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One of the grand moments in the story of Jesus occurred in a dialogue with Peter. Jesus just had been dealing with some of the scribes and Pharisees who had been challenging Him to give them a sign, something to prove who He was (see Matt. 16:1-4).
Then, later, alone with the disciples, Jesus talked about the two miracles He had performed, in which He twice fed thousands with just a few loaves and fish. He did all this in the context of warning the disciples about the “leaven of the Pharisees and of the Sadducees” (Matt. 16:11).
Read Matthew 16:13-17. What is happening here? What is the significance of Peter’s words to Jesus?
Peter here spoke boldly of his faith in Jesus. And it’s clear from Matthew 16:20 that his confession of Christ as the Messiah was shared by the others, as well. This was to be a turning point in the ministry of Jesus, even though the disciples, including Peter, had much more to learn.
“The disciples still expected Christ to reign as a temporal prince. Although He had so long concealed His design, they believed that He would not always remain in poverty and obscurity; the time was near when He would establish His kingdom. That the hatred of the priests and rabbis would never be overcome, that Christ would be rejected by His own nation, condemned as a deceiver, and crucified as a malefactor,-such a thought the disciples had never entertained.” – Ellen G. White, The Desire of Ages, p. 415.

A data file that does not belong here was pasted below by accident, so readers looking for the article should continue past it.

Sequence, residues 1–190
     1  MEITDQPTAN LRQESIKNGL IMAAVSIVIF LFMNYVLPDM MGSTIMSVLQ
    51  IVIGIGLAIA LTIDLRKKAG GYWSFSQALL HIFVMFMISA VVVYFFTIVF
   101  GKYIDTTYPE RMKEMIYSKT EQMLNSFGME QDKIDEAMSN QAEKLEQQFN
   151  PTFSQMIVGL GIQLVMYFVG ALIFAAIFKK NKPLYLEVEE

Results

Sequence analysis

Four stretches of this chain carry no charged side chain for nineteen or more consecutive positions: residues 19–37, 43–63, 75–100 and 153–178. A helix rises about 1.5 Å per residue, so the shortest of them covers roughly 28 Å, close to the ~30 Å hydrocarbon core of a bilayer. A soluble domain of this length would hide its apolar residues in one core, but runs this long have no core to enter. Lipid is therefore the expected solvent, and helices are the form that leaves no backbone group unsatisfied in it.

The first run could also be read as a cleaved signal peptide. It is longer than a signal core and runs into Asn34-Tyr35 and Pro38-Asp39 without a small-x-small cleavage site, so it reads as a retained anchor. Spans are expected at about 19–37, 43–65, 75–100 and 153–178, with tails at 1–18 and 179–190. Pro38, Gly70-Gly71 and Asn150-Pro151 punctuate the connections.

As soon as the disciples recognize Jesus as the Messiah, Jesus begins teaching that He must suffer and die (see Matt. 16:21-23), a concept that Peter could not accept. Peter goes as far as to “rebuke” Jesus. Jesus then turns to Peter and says, “‘Get behind Me, Satan’” (Matt. 16:23, NKJV). This is one of the harshest things that He said to anybody during His ministry; yet, He did it for Peter’s own good. Peter’s words reflected his own desires, his own selfish attitude about what he wanted. Jesus had to stop him in his tracks, right then and there (and though Jesus was really speaking to Satan, Peter got the message). Peter needed to learn that serving the Lord would involve suffering. That he learned this lesson is clear in his later writings (see 1 Pet. 4:12).
|How often do your personal desires clash with what you know God wants you to do? How do you decide what to do in those situations?|
Source: Daily Sabbath School Lessons